International Masterclass on Dementia Care, Design and Ageing at the University of Stirling on 15th May 2019
In 2018 I completed the DSDC (Dementia Services Development Centre) 2 day Intersection of Dementia + Design course held at the RIBA. More of our clients are asking that signage and wayfinding takes into account the needs of people living with dementia, in both specialist health and social care settings as well as the built environment as a whole. Last week, in order to keep on top of current thinking I attended the DSDCs Masterclass event at the University of Stirling.
Speakers and delegates gathered from around the world in the Iris Murdoch Building. There were twelve 30 minute presentations on a variety of topics which once again reinforced the significant role design has to play in the lives of those who are living with dementia.
As well as good design, key threads included the power of social action, R&D, human rights and hope. The relevance of the use of the language we use surrounding the condition, the importance of evidence, the ability to apply personalisation and how we can can empower individuals and their carers to live a full and active life were recurring themes through all the presentations.
Architect Frank Ehrenburg explained how his practice Marchese Partners linked up with the DSDC to be able to access expert input on seniors living projects in Australia. Isolation has been identified as a major issue within this sector and providing suitable communities for the ageing population to live happy and fulfilled lives is a passion for Frank.
Studio LR’s Lucy Richards used the Masterclass to launch their research-based symbols project. Funded by the Life Changes Trust, they reviewed 15 common symbols to assess their understanding by user groups living with dementia. The Edinburgh based designers are now in the final stages of designing a new set of inclusive symbols which have been fully tested to be dementia-friendly and will be available for use from next month.
Elaine Shine told the Masterclass how BSI are looking to fast track changes to the BS3800 series – the design of an accessible and inclusive built environment – to incorporate neurodiverse conditions which include autism, learning difficulties and dementia. Changes would normally take a minimum of 5 years but the BSI recognises the need to address this area as soon as possible. New guidelines will cover both mainstream and specialised locations and will include lighting, acoustics, flooring, spacial design and signage.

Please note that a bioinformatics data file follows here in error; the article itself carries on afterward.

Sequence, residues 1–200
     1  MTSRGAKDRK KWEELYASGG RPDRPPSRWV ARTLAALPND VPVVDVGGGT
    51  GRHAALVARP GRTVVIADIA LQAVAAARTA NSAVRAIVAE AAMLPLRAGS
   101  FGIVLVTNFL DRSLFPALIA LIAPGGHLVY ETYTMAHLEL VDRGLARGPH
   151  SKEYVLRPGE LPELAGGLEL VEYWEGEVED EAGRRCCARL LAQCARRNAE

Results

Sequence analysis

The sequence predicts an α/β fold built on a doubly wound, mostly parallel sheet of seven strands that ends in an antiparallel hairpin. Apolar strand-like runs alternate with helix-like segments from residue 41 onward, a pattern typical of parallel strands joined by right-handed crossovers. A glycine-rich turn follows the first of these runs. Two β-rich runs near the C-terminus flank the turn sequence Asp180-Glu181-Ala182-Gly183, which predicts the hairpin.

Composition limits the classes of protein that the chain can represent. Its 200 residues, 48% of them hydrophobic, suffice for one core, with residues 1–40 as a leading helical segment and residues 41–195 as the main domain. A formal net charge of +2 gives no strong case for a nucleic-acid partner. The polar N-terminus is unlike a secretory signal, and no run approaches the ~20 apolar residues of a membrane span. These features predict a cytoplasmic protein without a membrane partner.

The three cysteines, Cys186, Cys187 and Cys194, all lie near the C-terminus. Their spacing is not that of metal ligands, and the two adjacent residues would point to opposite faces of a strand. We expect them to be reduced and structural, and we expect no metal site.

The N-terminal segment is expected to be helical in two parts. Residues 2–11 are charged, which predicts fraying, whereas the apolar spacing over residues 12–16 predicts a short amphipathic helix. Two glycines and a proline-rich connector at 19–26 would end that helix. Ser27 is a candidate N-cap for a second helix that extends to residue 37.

Design engineer Bodil Akesson gave an insight into Swedish medical equipment manufacturer Arjo. Working with the DSDC, the company wrote new design guidelines for future product development to consider the specific needs of residents and care givers in dementia specific environments.
Rob Charlton CEO of Space Group gave a thought provoking presentation about the pace of change. Assistive Technologies, the Internet of Things and Robotics are becoming more sophisticated and increasingly affordable – what opportunities do these present to help people living with dementia ?
Rob’s presentation was carefully balanced by Dr Una Lynch who is a Senior Associate at the University. Una also explained how staying at home and becoming isolated is very common for those diagnosed with dementia and their carers. The use of robotics is one way in which this might be addressed, but that this raises serious ethical concerns including a lack of testing, sufficient staff training and the fact robots are not programmed with reactive compassion. We should not expect robots to replace people.
Further presentations on robotics and technology were made by Dr Mauro Dragone from Heriot Watt University and Mr Fu Ziyi General Manager of Elder and Nursing care Business Division, Hitachi, China. Mauro reported on his work using robotics as an assistant to carers. Ziyi told us about the Hitachi approach to developing technology that will enable the Chinese population to live longer and better lives.